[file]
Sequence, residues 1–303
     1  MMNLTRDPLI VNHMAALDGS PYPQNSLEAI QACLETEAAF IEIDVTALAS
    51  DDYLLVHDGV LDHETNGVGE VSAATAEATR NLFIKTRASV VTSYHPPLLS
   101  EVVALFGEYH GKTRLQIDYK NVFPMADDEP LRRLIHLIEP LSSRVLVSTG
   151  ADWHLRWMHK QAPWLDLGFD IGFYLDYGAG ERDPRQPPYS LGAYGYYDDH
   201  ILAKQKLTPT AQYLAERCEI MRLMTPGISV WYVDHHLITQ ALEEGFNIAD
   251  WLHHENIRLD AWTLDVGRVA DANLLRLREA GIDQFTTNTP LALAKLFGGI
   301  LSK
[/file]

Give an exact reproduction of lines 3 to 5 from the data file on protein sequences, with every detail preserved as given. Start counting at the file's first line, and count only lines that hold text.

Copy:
    51  DDYLLVHDGV LDHETNGVGE VSAATAEATR NLFIKTRASV VTSYHPPLLS
   101  EVVALFGEYH GKTRLQIDYK NVFPMADDEP LRRLIHLIEP LSSRVLVSTG
   151  ADWHLRWMHK QAPWLDLGFD IGFYLDYGAG ERDPRQPPYS LGAYGYYDDH